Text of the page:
Introduction to Mechanical Properties
Tensile property characterization of mild and High Strength Low Alloy steel (HSLA) traditionally was tested only in the rolling direction and included only yield strength, tensile strength, and total elongation. Properties vary as a function of orientation relative to the rolling (grain) direction, so testing in the longitudinal (0°), transverse (90°), and diagonal (45°) orientations relative to the rolling direction is done to obtain a better understanding of metal properties (Figure 1).
A more complete perspective of forming characteristics is obtained by also considering work hardening exponents (n-values) and anisotropy ratios (r-values), both of which are important to achieve improved and consistent formability.
Hardness readings are sometimes included in this characterization, but hardness readings are of little use in assessing formability requirements for sheet steel. Hardness testing is best used to assess the heat treatment quality and durability of the tools used to roll, stamp, and cut sheet metal.
The formability limits of different grades of conventional mild and HSLA steels were learned by correlating press performance with as-received mechanical properties. This information can be fed into computer forming simulation packages to run tryouts and troubleshooting in a virtual environment. Many important parameters can be measured in a tensile test, where the output is a stress-strain curve (Figure 2).
Press shop behavior of Advanced High-Strength Steels is more complex. AHSS properties are modified by changing chemistry, annealing temperature, amount of deformation, time, and even deformation path. With new microstructures, these steels become “Designer Steels” with properties tailored not only for initial forming of the stamping but in-service performance requirements for crash resistance, energy absorption, fatigue life, and other needs. An extended list of properties beyond a conventional tensile test is now needed to evaluate total performance with virtual forming prior to cutting the first die, to ensure ordering and receipt of the correct steel, and to enable successful troubleshooting if problems occur.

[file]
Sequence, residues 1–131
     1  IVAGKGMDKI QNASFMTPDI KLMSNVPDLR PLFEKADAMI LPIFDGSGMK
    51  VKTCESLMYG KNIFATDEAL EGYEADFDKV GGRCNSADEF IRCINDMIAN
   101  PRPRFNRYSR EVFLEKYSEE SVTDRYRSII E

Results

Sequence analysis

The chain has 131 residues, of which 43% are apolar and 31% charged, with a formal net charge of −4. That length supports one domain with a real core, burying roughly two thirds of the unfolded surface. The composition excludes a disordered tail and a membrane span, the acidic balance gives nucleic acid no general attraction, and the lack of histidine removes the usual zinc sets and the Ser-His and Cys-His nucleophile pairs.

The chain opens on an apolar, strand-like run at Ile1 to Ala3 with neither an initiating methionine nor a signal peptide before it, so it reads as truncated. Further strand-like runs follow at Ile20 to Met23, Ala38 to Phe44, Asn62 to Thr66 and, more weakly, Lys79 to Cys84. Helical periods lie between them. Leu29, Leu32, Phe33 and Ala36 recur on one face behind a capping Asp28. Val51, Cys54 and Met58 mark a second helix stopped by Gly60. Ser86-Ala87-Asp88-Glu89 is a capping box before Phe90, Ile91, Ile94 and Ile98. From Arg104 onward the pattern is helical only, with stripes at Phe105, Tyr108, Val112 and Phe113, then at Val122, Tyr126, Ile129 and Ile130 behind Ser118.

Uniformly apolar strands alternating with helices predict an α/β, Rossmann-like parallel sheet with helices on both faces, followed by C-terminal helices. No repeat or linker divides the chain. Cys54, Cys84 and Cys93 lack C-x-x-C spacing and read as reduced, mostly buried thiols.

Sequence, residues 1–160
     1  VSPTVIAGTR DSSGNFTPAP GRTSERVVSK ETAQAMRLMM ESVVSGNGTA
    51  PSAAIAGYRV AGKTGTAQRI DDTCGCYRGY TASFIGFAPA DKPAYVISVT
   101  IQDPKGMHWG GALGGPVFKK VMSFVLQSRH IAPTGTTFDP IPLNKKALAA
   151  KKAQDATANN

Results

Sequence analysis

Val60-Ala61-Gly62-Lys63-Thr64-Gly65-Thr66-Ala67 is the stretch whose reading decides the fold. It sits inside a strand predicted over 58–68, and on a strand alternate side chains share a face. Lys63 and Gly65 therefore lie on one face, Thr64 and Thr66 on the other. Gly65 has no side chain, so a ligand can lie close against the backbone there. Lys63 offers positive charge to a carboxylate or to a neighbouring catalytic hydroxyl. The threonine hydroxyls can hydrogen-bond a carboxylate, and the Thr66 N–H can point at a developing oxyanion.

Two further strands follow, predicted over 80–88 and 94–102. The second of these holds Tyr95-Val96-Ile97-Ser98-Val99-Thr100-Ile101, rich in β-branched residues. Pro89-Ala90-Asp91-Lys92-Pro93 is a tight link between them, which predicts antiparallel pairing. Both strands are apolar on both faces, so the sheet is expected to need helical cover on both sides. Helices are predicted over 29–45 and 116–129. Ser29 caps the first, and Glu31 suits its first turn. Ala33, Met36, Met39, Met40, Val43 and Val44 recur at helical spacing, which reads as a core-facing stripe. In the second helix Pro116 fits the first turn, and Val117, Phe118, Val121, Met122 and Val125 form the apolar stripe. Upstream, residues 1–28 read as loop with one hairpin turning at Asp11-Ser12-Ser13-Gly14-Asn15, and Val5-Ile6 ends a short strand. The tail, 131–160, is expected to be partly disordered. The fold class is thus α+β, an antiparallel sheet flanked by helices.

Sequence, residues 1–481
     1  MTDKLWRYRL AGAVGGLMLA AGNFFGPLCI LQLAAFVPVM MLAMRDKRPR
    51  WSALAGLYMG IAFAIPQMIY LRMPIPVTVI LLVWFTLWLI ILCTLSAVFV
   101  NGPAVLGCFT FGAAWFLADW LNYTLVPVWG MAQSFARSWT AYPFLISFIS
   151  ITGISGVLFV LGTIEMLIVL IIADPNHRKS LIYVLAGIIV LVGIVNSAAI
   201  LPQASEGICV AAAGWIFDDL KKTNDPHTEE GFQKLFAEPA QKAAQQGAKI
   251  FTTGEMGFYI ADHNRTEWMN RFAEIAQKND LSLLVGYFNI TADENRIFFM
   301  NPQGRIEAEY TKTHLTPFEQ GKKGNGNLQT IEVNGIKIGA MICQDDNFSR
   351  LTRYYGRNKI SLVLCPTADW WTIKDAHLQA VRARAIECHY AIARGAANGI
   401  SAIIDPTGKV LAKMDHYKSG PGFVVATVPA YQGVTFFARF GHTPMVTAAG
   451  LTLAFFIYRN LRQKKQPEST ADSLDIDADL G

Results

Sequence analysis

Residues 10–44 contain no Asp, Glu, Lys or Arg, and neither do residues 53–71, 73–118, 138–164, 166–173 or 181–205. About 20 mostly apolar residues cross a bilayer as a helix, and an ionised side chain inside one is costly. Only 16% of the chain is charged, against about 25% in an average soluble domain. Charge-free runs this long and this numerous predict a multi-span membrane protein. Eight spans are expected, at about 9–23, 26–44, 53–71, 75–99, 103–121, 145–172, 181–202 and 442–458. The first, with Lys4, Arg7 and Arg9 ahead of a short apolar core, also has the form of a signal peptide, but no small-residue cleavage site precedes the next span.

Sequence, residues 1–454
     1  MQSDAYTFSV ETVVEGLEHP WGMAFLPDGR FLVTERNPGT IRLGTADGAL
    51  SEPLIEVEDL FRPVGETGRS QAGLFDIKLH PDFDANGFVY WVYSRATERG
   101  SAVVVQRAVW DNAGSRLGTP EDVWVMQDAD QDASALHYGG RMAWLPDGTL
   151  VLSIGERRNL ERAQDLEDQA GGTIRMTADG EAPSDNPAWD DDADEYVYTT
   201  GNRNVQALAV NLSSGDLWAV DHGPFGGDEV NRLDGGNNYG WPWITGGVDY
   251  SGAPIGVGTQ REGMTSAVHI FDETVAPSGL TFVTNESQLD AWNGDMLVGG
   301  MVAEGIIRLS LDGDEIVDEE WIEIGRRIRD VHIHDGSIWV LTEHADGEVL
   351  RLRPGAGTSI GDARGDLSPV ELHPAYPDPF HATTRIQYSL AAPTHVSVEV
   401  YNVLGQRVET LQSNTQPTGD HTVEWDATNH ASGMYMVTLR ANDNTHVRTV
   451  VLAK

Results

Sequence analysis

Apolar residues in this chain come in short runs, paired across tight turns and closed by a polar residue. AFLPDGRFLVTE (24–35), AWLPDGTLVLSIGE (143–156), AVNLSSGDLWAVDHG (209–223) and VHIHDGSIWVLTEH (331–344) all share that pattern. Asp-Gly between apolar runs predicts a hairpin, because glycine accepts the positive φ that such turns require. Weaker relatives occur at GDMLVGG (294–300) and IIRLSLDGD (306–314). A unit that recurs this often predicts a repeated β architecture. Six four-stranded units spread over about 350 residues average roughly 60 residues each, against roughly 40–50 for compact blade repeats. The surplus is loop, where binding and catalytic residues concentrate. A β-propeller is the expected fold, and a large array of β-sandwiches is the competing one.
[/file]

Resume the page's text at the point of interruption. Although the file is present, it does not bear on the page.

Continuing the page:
With increasing use of advanced steels for value-added applications, combined with the natural flow of more manufacturing occurring down the supply chain, it is critical that all levels of suppliers and users understand both how to measure the parameters and how they affect the forming process.
- The multiphase microstructure in Advanced High Strength Steels results in properties that change as the steel is deformed. An in-depth understanding of formability properties is necessary for proper application of these steels.
- Tensile test data characterizes the ability of a steel grade to perform with respect to global (tensile and necking) formability. Different tests like hole expansion and bending characterize performance at cut edges or bend radii.
- DP steels have higher n-values in the initial stages of deformation compared to conventional HSLA grades. These higher n-values help distribute deformation more uniformly in the presence of a stress gradient and thereby help minimize strain localization that would otherwise reduce the local thickness of the formed part.
- The n-value of certain AHSS grades, including dual phase steels, is not constant: there is a higher n-value at lower strains followed by a drop as strain increases.
- TRIP steels have a smaller initial increase in n-value than DP steels during forming but sustain the increase throughout the entire deformation process. Part designers can use these steels to achieve more complex geometries or further reduce part thickness for weight savings.
- TRIP steels have retained austenite after forming that transforms into martensite during a crash event, enabling improved crash performance.
- Normal anisotropy values (rm) approximately equal to 1 are a characteristic of all hot-rolled steels and most cold-rolled and coated AHSS and conventional HSLA steels.
- AHSS work hardens with increasing strain rate, but the effect is less than observed with mild steel. The n-value changes very little over a 105 (100,000x) increase in strain rate.
- As-received AHSS does not age-harden in storage.
- DP and TRIP steels have substantial increase in YS due to a bake hardening effect, while conventional HSLA steels have almost none.